• Hey KK,

          I can see how using the GPT loader is preferable. Actually, I know that “splitting trick” from my old 3ware 9650SE-8LPML RAID controller, although it could do it at the firmware level (so it’s portable across systems, doesn’t need software). It was known as “LUN carving”, supporting a total of 8 SCSI-style LUNs for a maximum of 8×2TiB=16TiB capacity.

          I used that with XP 32-bit back in the days, for a 5.45TiB array (2+2+1.45). Together with Windows’ dynamic volumes, i stitched everything back together into one spanned volume, and formatted it as a single NTFS file system. It worked, but it’s still kinda makeshift, so I’m using GPT for my new array now. ;)

          I also heard of those weird software solutions, mostly from Western Digital as far as I can remember. I never wanted to touch that stuff in the first place…

          @WinXP/exFAT: Funny thing is, by now it’s easier to get proper answers when you ask about Windows 2000 instead of XP. :roll: I’m not actually using exFAT at the moment however. My current camera – a Nikon V1 – also doesn’t use it, still the same old FAT32. Maybe I’ll have to use it with the next one.

  2. Funny bit about that ACL issue. It makes me think of a question: Do people even bother writing (read: patching) cracked NTFS drivers?

    I mean, just reboot (including bootable CD versions) into Linux or another copy of Windows (or even ReactOS) and you can do whatever you want. It’s not like it’s encrypted or something. Merely obfuscated and proprietary (and patented). Good thing that someone’s figured it out! ;)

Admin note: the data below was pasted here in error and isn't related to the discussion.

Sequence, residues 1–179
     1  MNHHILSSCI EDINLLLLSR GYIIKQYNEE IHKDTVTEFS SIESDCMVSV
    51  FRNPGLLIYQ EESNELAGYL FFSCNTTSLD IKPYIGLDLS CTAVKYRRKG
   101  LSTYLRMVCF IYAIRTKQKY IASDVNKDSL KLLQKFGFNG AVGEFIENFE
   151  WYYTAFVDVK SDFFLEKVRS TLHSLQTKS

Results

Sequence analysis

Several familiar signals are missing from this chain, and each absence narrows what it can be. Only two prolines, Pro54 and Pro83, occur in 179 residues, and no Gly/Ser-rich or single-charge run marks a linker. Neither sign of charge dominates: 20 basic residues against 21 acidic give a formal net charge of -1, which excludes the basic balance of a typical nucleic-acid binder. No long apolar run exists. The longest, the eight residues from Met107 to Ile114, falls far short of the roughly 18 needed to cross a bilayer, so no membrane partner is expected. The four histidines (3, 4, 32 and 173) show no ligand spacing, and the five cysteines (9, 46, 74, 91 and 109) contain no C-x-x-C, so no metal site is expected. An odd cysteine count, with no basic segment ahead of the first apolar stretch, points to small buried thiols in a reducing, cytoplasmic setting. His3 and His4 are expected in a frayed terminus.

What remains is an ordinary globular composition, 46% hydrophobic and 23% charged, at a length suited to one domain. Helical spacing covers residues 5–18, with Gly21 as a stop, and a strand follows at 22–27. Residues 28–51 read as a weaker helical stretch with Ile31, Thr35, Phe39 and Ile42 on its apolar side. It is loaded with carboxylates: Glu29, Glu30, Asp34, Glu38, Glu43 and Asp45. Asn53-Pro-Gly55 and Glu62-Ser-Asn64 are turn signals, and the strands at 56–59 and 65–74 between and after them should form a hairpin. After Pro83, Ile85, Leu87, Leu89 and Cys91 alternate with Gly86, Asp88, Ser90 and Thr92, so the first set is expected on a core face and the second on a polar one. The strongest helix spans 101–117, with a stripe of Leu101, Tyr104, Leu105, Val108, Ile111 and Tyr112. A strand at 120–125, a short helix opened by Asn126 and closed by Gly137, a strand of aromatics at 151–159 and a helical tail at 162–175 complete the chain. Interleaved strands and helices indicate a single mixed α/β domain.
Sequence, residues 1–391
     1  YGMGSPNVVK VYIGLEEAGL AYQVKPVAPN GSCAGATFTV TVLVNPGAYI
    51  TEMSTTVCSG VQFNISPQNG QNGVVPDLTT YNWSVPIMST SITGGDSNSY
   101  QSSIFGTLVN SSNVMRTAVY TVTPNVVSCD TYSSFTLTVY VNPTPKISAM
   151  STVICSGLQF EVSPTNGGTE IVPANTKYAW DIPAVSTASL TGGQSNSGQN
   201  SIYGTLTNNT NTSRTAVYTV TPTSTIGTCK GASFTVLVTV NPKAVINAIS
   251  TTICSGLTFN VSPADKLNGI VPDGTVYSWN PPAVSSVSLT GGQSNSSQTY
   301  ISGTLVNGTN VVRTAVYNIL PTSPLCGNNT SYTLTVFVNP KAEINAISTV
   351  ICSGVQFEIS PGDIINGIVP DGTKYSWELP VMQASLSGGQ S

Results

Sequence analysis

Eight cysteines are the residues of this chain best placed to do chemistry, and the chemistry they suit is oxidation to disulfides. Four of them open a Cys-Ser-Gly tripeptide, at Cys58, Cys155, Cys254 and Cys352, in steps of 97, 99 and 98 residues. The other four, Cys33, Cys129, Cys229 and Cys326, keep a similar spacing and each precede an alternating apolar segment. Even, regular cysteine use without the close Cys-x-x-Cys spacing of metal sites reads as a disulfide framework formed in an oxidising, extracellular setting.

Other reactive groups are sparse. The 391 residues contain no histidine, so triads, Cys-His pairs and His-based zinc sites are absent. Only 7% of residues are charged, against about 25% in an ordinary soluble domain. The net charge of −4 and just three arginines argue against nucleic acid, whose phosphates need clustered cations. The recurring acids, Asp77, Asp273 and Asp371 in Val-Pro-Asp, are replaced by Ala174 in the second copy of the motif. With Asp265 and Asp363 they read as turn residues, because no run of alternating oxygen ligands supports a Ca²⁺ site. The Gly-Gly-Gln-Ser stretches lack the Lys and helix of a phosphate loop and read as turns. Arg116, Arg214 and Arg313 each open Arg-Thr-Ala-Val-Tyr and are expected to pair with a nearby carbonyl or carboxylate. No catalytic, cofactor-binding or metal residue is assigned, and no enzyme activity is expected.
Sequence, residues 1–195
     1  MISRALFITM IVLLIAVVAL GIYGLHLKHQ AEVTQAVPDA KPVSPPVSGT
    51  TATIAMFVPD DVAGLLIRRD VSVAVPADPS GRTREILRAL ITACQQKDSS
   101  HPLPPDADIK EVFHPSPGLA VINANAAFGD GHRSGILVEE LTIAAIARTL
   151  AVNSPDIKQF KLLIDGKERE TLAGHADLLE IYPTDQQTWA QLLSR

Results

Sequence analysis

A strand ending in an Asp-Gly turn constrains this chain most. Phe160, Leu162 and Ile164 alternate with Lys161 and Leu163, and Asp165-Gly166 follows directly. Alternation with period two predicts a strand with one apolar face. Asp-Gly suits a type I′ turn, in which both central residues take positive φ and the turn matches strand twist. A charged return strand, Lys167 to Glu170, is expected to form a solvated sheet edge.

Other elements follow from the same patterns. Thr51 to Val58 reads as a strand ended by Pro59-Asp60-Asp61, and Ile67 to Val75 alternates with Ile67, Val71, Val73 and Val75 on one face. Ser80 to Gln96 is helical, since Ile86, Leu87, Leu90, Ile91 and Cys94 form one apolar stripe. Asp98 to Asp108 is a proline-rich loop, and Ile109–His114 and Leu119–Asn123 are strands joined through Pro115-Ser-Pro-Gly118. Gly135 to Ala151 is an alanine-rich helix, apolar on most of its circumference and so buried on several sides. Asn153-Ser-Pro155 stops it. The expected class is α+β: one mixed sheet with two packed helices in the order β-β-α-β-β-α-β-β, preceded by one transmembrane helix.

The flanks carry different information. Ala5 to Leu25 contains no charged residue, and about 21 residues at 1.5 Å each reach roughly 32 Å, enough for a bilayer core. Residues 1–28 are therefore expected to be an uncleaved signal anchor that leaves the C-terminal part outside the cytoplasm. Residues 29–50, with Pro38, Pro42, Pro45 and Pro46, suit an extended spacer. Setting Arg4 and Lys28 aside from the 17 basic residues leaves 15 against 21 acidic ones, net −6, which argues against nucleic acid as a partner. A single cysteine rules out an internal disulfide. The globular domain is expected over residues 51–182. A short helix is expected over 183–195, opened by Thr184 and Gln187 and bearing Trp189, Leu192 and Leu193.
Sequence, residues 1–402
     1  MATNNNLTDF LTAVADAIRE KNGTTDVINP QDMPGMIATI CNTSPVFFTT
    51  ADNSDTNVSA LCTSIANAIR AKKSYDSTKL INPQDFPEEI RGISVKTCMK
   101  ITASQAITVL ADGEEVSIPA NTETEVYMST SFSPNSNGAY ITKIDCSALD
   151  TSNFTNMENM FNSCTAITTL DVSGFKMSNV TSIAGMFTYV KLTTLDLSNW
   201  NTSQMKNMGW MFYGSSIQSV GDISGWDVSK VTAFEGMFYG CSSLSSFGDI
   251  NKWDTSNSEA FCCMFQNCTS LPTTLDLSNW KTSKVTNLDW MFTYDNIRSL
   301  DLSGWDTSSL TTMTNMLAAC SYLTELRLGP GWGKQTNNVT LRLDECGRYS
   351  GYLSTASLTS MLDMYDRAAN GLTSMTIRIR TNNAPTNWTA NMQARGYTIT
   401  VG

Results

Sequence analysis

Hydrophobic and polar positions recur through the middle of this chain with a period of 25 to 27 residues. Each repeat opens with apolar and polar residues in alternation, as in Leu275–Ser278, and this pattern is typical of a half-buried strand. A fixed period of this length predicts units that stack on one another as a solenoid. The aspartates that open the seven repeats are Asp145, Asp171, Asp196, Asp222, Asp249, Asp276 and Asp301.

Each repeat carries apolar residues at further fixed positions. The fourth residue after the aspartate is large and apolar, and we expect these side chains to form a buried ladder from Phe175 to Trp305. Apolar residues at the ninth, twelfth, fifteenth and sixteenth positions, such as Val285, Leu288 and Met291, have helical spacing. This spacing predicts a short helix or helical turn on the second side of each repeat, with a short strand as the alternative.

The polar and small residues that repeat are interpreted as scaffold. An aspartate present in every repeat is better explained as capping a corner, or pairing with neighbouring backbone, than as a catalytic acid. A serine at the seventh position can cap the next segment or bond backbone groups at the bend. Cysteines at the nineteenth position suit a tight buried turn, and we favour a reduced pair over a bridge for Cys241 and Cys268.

• This is also true for any other file system though. If I just boot Knoppix and become root, I can mount almost any file system and it will no longer provide any security through its POSIX permissions or ACLs. No file system can protect from physical attacks. For that you’d use Luks/dm-crypt or TrueCrypt and the like. :)

      It’s strange though, that ACLs have just been stripped from or never implemented in the driver even though exFAT was supposed to have those. I guess they thought it was pointless anyway, if we’re just gonna use it for camera and cellphone flash memory cards.

  3. Thanks a lot for taking your time and write such a nice and informative article. This kind of information is really hard to find!!

  4. […] [exFAT on XP x64] (Article), [exFAT download] (XP 32/64-Bit) […]

  5. Very nice writeup. Loved the pics, extremely helpful. Made my mind to install the KB955704 update now. Hopefully performance for many small files on a usb stick will improve dramatically.